If you're attending Grand Prix New Jersey, there's a pretty good chance you already know what you're playing. It can be hard to switch decks at the last moment for Legacy, since not many people own every playable deck, so as we get to this final push before the Grand Prix, I think it's a little late in the game to be telling you what you should play. What you probably still have time to do is tune your list a little, especially your sideboard, so today, I'm going to discuss the sideboard cards that I think are best against several of the top decks and why. If you're not sure about the last few cards in your sideboard (and I think you probably shouldn't be), I hope to give you some solid ideas. Let's just get straight to it.
This seems widely expected to be the most played deck, which makes a lot of sense, as it's consistent and powerful. It plays all the best cards that everyone always wants to play, and it got great new tools in Monastery Swiftspear (who is definitely the real deal) and Treasure Cruise (which is way beyond real).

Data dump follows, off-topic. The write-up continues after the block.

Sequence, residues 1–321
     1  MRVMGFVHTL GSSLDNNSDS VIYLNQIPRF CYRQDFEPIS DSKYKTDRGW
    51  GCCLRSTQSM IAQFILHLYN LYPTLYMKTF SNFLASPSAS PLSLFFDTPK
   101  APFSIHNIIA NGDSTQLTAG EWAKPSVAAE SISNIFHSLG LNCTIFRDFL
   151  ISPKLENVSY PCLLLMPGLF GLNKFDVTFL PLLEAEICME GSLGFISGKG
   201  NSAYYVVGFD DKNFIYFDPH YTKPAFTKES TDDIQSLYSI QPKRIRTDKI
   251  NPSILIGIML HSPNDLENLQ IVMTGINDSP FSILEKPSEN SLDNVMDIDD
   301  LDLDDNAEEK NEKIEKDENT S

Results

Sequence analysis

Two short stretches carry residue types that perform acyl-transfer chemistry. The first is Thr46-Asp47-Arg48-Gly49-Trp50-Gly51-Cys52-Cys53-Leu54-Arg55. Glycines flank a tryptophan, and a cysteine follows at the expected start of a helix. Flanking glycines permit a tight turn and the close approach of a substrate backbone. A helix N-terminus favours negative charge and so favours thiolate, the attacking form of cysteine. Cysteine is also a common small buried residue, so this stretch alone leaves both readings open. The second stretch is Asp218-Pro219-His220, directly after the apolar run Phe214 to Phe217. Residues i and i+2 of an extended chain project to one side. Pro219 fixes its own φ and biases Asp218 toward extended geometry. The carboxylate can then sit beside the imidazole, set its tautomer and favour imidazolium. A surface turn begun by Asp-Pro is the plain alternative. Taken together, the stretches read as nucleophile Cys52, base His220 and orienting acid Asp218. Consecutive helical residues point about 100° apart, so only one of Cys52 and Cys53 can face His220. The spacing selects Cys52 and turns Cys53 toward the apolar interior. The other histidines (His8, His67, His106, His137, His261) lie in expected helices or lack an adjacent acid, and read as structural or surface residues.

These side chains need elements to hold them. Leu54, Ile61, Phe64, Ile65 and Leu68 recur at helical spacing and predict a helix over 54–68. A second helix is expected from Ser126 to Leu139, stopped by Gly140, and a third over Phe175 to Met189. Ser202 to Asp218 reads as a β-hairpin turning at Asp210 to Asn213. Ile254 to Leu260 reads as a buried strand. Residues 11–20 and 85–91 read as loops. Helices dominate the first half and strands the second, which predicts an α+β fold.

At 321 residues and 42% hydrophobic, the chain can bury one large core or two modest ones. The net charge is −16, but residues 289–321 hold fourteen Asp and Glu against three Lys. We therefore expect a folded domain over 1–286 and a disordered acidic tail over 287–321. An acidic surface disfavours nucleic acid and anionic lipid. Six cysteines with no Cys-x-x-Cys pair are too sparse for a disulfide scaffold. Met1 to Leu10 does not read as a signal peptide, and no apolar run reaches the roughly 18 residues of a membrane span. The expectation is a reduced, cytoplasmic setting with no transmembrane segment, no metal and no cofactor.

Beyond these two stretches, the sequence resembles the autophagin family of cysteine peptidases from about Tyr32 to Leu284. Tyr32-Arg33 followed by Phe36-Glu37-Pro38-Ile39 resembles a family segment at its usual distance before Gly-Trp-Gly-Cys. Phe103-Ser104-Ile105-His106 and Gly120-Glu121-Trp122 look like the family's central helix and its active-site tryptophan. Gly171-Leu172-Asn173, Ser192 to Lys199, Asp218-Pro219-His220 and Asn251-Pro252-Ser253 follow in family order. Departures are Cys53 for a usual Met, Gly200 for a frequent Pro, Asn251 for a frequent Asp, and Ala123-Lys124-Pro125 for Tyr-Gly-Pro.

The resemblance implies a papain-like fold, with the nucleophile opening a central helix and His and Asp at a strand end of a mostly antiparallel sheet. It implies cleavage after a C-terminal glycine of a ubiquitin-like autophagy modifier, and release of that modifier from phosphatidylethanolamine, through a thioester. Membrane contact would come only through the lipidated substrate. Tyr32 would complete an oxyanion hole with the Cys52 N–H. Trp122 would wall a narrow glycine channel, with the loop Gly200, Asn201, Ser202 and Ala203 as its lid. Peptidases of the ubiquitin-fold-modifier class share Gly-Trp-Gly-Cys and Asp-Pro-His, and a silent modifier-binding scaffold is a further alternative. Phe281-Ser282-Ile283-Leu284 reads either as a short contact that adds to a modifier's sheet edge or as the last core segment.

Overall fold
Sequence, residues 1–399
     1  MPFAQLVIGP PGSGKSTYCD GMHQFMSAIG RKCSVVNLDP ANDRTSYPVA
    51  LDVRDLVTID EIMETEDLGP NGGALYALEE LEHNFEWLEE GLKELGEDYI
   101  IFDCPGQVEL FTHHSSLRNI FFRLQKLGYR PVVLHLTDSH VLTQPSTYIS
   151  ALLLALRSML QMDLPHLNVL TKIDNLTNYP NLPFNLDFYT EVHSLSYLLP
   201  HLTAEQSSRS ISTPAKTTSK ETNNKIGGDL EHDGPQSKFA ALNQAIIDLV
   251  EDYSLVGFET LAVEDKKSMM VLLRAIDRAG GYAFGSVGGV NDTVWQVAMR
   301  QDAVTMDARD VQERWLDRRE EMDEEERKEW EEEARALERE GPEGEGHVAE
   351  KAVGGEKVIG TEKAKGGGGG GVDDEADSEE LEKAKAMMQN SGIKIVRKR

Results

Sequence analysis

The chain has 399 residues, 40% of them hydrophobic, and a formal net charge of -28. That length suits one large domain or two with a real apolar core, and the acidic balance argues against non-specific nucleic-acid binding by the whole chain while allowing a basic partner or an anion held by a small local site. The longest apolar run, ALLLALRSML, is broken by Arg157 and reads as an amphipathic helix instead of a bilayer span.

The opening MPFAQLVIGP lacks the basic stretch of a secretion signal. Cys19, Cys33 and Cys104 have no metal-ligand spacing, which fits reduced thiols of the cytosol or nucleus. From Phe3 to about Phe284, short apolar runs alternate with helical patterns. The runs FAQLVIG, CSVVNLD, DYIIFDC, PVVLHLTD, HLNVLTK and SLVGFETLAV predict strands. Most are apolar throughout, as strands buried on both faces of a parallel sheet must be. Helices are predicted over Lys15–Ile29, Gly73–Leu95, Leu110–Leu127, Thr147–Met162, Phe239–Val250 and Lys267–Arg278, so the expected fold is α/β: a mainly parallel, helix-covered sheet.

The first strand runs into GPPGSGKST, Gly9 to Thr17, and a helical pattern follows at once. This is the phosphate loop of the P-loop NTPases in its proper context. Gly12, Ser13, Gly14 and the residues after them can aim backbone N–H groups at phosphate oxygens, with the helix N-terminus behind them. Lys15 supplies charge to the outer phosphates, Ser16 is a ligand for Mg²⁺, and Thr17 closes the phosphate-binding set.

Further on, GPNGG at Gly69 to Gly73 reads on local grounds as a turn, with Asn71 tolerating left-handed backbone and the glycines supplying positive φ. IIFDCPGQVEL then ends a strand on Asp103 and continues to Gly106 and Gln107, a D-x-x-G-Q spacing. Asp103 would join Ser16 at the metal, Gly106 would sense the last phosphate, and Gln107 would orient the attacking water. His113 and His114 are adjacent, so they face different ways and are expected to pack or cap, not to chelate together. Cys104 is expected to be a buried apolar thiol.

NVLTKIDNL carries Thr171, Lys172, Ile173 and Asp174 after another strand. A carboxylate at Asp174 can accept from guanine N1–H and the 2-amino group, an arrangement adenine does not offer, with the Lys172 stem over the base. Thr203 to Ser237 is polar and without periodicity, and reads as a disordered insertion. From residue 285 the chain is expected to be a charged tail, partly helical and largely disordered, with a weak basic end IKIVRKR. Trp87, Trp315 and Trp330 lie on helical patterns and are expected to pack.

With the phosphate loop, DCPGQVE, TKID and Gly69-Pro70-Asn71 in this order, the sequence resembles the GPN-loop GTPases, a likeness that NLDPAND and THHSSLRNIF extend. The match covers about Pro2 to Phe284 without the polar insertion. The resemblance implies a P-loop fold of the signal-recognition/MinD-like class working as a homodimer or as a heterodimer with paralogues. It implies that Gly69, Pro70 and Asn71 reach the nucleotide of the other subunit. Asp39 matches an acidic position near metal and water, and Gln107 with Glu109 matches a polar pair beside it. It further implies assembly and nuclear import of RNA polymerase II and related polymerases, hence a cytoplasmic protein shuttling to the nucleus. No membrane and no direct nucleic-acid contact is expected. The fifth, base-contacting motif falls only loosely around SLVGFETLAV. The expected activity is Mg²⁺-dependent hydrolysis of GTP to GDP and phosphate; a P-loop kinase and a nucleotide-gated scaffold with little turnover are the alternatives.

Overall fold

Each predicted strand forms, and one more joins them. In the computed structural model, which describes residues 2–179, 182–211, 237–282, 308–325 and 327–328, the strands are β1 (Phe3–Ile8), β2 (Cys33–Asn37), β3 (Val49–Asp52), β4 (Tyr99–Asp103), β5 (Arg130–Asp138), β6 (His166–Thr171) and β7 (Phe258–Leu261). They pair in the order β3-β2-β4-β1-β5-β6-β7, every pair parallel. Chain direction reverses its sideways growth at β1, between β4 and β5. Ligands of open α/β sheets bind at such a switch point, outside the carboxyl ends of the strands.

This is probably the hardest card for them to beat. A lot of decks are too hurt by it to play it, but if you remember just how crippling it is for them, it can be worth playing even in decks that generally think of it as a card that's bad for them if you really need to find a way to get an edge here. Outside of that situation, it might be more of maindeck card than a sideboard card at this point, as most decks that can safely cast it at X=1 should probably be playing it main. If I had a Jund deck or something, I'd probably want this in my sideboard though, and I'd plan to board out Thoughtseize to bring this in.